* New program to provide personal care to small group of
* Encourages workers to treat illnesses earlier, save money
* Ford, UAW pilot modeled after Boeing program
* Five diseases account for 61 pct of Ford's healthcare
By Deepa Seetharaman
DEARBORN, Mich., June 24 Ford Motor Co is
launching a two-year pilot program with the United Auto Workers
and a UAW-affiliated retiree healthcare trust aimed at lowering
medical costs for the second-largest U.S. automaker's active and
retired hourly workers.
Between 1,200 and 1,500 unionized workers and retirees in
southeastern Michigan with chronic but manageable diseases are
expected to join the pilot program, the automaker, the union and
the UAW Retiree Medical Benefits Trust said on Monday.
Under this program, Ford, the UAW and the trust hope to cut
healthcare costs - rather than shift the burden to others - by
encouraging workers to treat and address health issues earlier
rather than wait until conditions grow more severe and therefore
more expensive. It is an effort to "bend the cost curve,"
according to Marty Mulloy, Ford's vice president of labor
In recent years, Detroit's automakers have struggled to cope
with runaway healthcare costs for their hourly and salaried
workers. Ford spends $7 an hour on healthcare for its 44,500
active hourly workers in the United States. About 61 percent of
annual healthcare costs for Ford and the UAW trust stem from
five chronic diseases, including diabetes, asthma, coronary
artery disease, congestive heart failure and chronic obstructive
By tackling problems earlier, Ford can lower its healthcare
costs, Mulloy told reporters during a media briefing at the
company's headquarters. That could help the UAW trust, which
assumes the burden of healthcare for Ford's unionized workers
once they retire.
The UAW trust spends $4.5 billion a year on healthcare for
800,000 retirees from General Motors Co, Ford and
Chrysler Group LLC.
The pilot is modeled after a program at Boeing Co,
where Alan Mulally was a top executive before joining Ford as
its CEO in 2006. In the Boeing program, medical costs for the
participating workers fell 17 percent after two years.
Participation in the pilot is voluntary and workers will be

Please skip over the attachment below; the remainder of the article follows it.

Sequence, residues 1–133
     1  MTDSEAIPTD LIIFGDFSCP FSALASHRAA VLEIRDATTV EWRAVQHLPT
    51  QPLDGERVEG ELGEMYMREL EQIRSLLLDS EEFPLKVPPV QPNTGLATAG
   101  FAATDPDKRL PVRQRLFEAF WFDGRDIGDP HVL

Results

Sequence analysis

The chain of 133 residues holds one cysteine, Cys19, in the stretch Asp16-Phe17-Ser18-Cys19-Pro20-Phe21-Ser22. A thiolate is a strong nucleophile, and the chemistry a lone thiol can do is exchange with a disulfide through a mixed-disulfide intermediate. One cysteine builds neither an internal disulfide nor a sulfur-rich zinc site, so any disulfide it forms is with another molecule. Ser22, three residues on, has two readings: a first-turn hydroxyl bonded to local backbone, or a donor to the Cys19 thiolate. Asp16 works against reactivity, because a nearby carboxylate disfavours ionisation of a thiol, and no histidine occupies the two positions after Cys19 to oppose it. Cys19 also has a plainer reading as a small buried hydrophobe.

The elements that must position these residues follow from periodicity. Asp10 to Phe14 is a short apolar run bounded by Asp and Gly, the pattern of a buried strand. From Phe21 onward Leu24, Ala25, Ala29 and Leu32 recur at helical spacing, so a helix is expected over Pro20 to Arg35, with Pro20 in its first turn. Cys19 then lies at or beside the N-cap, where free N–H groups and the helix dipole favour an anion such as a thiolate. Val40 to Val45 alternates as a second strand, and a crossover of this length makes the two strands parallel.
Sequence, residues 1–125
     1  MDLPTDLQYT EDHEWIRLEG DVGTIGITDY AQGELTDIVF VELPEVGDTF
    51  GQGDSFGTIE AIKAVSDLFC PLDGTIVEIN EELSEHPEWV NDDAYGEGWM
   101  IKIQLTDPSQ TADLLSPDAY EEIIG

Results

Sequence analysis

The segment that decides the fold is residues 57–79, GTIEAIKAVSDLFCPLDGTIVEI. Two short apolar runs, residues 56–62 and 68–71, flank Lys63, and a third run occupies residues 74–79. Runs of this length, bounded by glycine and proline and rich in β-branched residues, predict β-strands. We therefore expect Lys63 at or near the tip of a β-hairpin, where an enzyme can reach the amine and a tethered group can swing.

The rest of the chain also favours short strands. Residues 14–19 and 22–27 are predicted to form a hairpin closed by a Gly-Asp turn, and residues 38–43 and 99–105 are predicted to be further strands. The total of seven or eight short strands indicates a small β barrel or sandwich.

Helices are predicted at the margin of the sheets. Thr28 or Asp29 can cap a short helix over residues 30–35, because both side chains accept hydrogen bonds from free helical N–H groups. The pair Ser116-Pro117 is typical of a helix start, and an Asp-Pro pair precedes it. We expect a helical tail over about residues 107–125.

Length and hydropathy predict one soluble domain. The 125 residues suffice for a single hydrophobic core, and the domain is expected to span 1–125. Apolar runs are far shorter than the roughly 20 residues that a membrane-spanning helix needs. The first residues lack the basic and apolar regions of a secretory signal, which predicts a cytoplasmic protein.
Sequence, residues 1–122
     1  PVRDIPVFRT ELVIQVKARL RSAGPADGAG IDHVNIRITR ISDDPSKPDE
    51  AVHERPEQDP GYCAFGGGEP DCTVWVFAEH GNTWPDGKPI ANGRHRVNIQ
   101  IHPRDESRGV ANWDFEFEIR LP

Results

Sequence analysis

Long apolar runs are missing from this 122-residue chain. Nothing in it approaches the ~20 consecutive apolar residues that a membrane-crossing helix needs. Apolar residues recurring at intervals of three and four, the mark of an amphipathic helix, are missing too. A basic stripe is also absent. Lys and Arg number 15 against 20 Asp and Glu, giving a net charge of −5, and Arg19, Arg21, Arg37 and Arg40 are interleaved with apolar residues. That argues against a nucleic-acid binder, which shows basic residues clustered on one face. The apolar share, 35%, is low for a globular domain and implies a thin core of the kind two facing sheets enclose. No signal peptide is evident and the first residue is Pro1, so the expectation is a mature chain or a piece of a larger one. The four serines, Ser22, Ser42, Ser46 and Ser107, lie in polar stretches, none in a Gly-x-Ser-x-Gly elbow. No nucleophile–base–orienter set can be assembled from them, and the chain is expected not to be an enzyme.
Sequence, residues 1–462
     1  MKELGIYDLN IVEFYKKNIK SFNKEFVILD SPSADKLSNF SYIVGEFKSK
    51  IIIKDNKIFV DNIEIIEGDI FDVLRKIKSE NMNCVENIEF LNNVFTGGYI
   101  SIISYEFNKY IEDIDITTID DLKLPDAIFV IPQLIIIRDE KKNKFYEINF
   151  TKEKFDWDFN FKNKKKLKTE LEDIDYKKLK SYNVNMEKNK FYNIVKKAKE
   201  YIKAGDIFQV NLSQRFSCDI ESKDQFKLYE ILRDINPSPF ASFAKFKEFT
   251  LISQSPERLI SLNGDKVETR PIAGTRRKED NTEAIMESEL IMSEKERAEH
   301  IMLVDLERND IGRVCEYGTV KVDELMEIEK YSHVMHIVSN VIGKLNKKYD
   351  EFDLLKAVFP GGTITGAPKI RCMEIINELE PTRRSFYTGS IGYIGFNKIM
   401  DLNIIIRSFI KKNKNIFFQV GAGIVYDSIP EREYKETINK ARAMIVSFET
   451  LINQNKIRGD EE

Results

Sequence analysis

recommended to the program by their doctors. Only non-Medicare
eligible retirees can join the pilot program.
Participants will have access to one of 12 personal care
nurses who will help patients navigate the healthcare system and
track their progress. Each nurse will handle a maximum of 125
cases a year.
Both GM and Chrysler are in talks with the UAW about a
similar program for active hourly workers, said Susanne
Mitchell, director of the UAW's Social Security department.
Ford and the UAW began to broach the subject of lowering
healthcare costs before the 2011 labor talks. Officials from the
company, union and the trust visited Boeing and discussed nurses
and doctors involved in the plan.
The participation of retirees differentiates the Ford
program from Boeing's example. The trust was created in 2007
during labor talks with the UAW to take on the retiree
healthcare burden from GM, Ford and Chrysler.
The landmark deal was designed to protect UAW retiree
benefits if the companies' finances deteriorated and to remove
an ever-increasing liability that the automakers said added as
much as $2,000 to the cost of a vehicle.
But rising healthcare costs have widened the trust's funding
shortfall. In 2010, the first year of the trust's operations,
the trust was underfunded by $20 billion. In 2011, the most
recently available data, the shortfall grew to $33 billion.
"A lot of what you hear in healthcare today is
cost-shifting," said UAW's Mitchell. "This is not
Ford and the trust will pay for the salaries of 12 personal
care nurses and consultants who are part of the pilot program,
which kicks off on July 1.